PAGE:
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Washington DC Dedicates Terrell Place

- by Margaret Johnson Cooper

Terrell Place -- What is it? Terrell Place is "more than an office address" it is the thoughtful integration of three discrete elements:

  • 575 Seventh Street, the exceptionally restored 1924 building that formerly housed the Hecht Company Department Store;
  • A South Wing constructed above and behind the preserved facades of the four Victorian townhouses in which the Hecht Company operated prior to 1924; and
  • 650 F Street a new eleven-story building with modern yet complementary architecture that adjoins the Hecht's building to the east.

Terrell Place is the magnificent glass and marble structure in downtown Washington, DC dedicated to honor Mary Church Terrell, freedom fighter and 1st president of the National Association of Colored Women's Clubs, Inc. Mrs. Fredrica Banks and Mrs. Earline Matthews, both of Washington, DC accompanied President Margaret J. Cooper to the dedication on Wednesday, October 8, 2003. Former NACWC President, Patricia L. Fletcher traveled from Ohio for the ceremony.

Terrell Place is, according to Carr America its developer, "positioned to play its part in the remarkable renaissance of the Seventh Street Corridor. Terrell Place combines historic preservation with all the building amenities and state-of-the-art systems one should expect in a trophy-quality office and retail environment."

The ribbon cutting ceremony on Thursday, December 4, 2003, officially opened the exhibit and building to the public. The Honorable Eleanor Holmes Norton, Democrat, US House of Representatives, Washington, D.C. spoke eloquently of her personal knowledge of Mrs. Terrell. She thanked Carr America for this contribution not only to historical preservation but for its foresight and visionary efforts to include an educational component.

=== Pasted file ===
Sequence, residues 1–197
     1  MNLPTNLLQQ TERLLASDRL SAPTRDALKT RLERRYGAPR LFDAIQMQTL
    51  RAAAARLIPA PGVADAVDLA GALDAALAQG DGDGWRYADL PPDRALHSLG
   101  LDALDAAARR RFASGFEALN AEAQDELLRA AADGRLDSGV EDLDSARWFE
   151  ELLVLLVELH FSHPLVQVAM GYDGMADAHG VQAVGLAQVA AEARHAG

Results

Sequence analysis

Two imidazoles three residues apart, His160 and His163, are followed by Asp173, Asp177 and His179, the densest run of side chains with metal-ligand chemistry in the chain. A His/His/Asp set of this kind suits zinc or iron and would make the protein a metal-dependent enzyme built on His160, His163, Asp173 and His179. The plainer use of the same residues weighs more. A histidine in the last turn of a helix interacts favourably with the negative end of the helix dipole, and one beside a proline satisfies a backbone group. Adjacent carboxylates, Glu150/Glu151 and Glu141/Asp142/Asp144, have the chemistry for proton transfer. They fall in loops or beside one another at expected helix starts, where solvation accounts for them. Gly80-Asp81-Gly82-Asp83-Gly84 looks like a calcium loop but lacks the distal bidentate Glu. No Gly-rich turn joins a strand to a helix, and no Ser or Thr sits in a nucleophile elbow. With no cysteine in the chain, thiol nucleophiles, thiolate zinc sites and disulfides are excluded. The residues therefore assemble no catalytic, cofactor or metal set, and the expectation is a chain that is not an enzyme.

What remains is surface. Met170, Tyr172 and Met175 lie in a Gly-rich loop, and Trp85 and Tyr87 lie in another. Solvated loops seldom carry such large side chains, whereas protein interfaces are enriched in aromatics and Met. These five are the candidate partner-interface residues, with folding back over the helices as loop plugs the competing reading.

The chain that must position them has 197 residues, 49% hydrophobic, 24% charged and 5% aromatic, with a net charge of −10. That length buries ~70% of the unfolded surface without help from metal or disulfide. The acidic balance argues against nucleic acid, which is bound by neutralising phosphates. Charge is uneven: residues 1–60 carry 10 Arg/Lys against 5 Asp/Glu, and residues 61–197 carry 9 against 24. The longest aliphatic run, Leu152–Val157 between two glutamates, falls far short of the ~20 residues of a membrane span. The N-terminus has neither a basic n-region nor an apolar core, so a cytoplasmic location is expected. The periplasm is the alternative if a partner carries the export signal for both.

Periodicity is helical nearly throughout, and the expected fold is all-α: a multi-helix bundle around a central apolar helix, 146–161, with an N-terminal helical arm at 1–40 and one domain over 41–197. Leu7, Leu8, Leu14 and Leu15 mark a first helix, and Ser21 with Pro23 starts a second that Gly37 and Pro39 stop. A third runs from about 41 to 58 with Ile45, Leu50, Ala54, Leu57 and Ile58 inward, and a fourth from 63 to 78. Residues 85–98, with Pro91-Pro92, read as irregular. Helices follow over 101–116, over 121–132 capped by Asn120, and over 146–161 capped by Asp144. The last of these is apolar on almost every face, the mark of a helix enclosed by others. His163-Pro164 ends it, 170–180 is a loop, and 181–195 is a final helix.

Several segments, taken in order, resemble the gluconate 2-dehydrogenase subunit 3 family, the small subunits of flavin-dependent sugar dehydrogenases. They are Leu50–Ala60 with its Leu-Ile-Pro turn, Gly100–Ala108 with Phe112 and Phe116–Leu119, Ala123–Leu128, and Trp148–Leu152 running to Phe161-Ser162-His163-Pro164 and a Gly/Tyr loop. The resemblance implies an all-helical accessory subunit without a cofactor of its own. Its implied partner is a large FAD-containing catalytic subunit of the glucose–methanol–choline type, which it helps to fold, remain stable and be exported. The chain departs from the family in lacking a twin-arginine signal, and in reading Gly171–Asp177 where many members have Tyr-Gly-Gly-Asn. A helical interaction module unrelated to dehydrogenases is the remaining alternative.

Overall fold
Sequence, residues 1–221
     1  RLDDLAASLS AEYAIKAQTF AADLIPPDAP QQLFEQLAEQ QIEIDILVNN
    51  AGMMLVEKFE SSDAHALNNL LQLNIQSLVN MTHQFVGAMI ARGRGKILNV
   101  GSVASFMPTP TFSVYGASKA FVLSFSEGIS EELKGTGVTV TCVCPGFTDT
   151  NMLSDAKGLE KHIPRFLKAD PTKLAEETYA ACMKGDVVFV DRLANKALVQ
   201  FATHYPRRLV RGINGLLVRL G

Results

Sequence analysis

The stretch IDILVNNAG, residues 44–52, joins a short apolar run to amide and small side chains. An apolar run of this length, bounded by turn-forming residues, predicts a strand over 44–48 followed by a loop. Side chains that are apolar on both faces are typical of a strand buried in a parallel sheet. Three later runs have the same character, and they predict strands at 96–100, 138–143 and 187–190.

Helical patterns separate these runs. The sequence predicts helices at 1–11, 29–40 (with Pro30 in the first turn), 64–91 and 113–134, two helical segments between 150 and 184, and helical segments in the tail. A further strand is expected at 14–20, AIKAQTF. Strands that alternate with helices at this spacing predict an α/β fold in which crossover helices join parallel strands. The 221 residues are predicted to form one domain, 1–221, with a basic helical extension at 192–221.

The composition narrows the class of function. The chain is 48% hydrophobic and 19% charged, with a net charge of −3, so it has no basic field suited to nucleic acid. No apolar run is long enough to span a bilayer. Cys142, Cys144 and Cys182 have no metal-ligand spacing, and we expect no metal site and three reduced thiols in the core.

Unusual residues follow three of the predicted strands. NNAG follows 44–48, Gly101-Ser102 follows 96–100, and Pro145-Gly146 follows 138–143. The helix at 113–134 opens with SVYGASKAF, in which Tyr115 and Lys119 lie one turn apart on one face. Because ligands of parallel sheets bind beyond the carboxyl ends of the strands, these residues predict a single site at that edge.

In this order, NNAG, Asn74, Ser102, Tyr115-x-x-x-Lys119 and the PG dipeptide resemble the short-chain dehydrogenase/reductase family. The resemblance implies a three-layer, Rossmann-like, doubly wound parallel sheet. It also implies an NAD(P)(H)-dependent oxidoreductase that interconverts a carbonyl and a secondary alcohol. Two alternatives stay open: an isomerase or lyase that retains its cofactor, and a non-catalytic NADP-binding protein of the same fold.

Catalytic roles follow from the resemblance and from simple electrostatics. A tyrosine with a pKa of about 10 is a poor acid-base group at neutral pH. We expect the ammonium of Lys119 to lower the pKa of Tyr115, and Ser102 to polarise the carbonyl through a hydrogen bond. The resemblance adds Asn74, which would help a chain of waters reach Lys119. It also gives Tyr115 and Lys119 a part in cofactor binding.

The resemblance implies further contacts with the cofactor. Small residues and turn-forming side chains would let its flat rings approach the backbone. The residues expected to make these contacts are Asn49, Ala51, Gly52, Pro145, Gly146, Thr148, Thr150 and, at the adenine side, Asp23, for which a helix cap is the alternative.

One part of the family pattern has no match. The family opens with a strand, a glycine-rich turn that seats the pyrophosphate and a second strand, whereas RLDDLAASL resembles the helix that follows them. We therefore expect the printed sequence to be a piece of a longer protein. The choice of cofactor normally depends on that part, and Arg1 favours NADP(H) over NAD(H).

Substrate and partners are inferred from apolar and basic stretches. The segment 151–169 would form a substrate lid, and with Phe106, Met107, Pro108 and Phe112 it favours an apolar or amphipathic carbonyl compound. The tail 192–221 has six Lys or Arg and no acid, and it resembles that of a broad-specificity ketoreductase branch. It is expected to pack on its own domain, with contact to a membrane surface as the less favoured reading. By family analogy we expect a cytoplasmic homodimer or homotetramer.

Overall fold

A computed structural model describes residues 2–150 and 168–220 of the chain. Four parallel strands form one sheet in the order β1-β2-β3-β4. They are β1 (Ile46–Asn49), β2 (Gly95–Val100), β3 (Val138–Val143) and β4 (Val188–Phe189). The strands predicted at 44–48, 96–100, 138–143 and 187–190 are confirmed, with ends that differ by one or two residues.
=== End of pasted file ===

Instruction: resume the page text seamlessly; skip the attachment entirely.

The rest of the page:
Mrs. Tanya Deskins, principal, Mary Church Terrell Elementary School, Washington, DC, and NACWC District of Columbia member, shared the school's connectivity with the project. She expressed appreciation to Carr America for bringing to fruition this historical site for the children and citizens of the District of Columbia.

President Margaret J. Cooper spoke passionately connecting the significance of Terrell Place to civil rights activities of Mary Church Terrell and today's struggles. During the ribbon cutting ceremony, other NACWC members in attendance were Mrs. Ruth Smothers, Mrs. Juanita Thomas and Mrs. Carole A. Early, Executive Secretary.

Mr. Raymond Langston, grandson of Mary Church Terrell and Jean Langston provided intimate, personal glimpses into the family life and values of Mrs. Terrell. Mr and Mrs. Langston made enormous donations of photographs, personal artifacts and information for establishment of the exhibit at Terrell Place.

Finally, Terrell Place is named in honor of Mary Church Terrell, whose portrait hangs just across Seventh Street at the National Portrait Gallery. "At Terrell Place, the past connects with the present, setting the stage for an exciting future."